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President Barack Obama walks with Jordan's King Abdullah II to participate in an official arrival ceremony, Friday, March 22, 2013, at Al-Hummar Palace, the residence of Jordanian King Abdullah II, in Amman, Jordan.
Anxious to keep Syria's civil war from spiraling into even worse problems, President Barack Obama said Friday he worries about the country becoming a haven for extremists when — not if — President Bashar Assad is ousted from power.
Obama, standing side by side with Jordan's King Abdullah II, said the international community must work together to ensure there is a credible opposition ready to step into the breach.
"Something has been broken in Syria, and it's not going to be put back together perfectly immediately — even after Assad leaves," Obama said. "But we can begin the process of moving it in a better direction, and having a cohesive opposition is critical to that."
He said Assad is sure to go but there is great uncertainty about what will happen after that.
"I am very concerned about Syria becoming an enclave for extremism," Obama said, adding that extremism thrives in chaos and failed states. He said the rest of the world has a huge stake in ensuring that a functioning Syria emerges.
"The outcome is Syria is not going to be ideal," he acknowledged, adding that strengthening a credible opposition was crucial to minimizing the difficulties.
Eager to resolve another source of tension in the region, the president earlier Friday helped broker a phone call between the Israeli and Turkish prime ministers that led to the restoration of normal diplomatic relations between the two countries.
Obama had come to Jordan from Israel, where Israeli Prime Minister Benjamin Netanyahu placed a call to Turkey's Recep Tayyip Erdogan to apologize for the deaths of nine Turkish activists in a 2009 Israeli naval raid on a Gaza-bound international flotilla.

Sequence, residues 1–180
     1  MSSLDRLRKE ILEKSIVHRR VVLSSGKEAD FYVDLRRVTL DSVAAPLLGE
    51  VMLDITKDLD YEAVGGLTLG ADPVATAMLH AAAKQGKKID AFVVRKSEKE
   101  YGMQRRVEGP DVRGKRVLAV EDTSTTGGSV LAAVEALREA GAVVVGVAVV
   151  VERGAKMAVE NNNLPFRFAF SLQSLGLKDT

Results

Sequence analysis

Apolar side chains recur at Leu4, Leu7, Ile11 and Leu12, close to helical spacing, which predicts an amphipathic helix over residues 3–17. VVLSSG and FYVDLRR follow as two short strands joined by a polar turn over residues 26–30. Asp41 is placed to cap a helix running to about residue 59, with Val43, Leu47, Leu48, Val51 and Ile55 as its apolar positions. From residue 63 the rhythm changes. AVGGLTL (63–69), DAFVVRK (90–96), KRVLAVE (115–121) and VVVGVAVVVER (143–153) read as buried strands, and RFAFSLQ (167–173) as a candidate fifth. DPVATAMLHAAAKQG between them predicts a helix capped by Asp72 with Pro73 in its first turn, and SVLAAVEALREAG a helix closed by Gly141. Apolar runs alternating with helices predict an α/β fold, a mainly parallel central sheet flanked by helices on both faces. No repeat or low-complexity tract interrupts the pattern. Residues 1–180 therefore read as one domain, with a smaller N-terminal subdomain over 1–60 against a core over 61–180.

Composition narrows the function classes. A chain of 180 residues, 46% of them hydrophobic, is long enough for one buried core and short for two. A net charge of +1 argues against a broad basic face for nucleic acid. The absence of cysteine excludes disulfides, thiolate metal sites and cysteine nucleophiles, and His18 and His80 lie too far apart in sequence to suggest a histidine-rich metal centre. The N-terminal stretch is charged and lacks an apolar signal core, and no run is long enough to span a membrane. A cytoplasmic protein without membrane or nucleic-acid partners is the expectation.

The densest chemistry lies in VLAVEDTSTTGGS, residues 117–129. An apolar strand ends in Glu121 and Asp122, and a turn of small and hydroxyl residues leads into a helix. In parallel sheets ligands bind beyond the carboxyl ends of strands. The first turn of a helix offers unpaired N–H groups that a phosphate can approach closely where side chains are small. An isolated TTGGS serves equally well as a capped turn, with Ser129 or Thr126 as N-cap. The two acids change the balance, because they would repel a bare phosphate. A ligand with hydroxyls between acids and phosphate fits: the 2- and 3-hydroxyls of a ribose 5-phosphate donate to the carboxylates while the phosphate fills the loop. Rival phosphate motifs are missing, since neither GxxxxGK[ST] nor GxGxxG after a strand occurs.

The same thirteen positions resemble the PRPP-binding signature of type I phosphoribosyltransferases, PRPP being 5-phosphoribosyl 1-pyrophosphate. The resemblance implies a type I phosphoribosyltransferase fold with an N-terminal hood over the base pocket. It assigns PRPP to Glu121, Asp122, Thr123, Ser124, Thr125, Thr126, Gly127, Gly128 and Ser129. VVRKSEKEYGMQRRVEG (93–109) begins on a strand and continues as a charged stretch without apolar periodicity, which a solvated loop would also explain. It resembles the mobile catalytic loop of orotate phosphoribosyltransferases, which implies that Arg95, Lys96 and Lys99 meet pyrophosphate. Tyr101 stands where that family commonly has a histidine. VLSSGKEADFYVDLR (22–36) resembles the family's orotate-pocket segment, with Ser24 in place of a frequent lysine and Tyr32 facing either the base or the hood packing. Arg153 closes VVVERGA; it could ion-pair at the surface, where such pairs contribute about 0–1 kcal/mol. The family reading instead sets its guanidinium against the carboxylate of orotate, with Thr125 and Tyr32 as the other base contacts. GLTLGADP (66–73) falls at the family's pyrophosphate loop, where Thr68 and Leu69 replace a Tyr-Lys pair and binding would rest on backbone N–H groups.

"The timing was good for that conversation to take place," Obama said.
Obama, at a joint news conference with Abdullah, said his administration is working with Congress to provide Jordan with an additional $200 million in aid this year to cope with the massive influx of refugees streaming into the country from Syria.
Abdullah said the refugee population in his country has topped 460,000 and is likely to double by the end of the year — the equivalent of 60 million refugees in the United States, he said.
Obama also said he would "keep on plugging away" in hopes of getting the Israelis and Palestinians to reach a peace agreement.
"The window of opportunity still exists, but it's getting more and more difficult," the president said. "The mistrust is building instead of ebbing."
On Iran, Obama reiterated that the U.S. is open to "every option that's available" to keep the country from developing a nuclear weapon.
He said it would be "extraordinarily dangerous" for the world if Iran does become nuclear capable, and he expressed his desire for using diplomatic means to halt Iran's nuclear aspirations. Iran insists its nuclear program is for peaceful purposes.
"My hope and expectation is that among a menu of options, the option that involves negotiations, discussions, compromise and resolution of the problem is the one that's exercised," Obama said. "But as president of the United States I would never take any option off the table."
Obama arrived in Jordan on Friday evening, the final stop on a four-day visit to the Middle East that included his first stop in Israel as president.
He began his visit to Amman with an apology.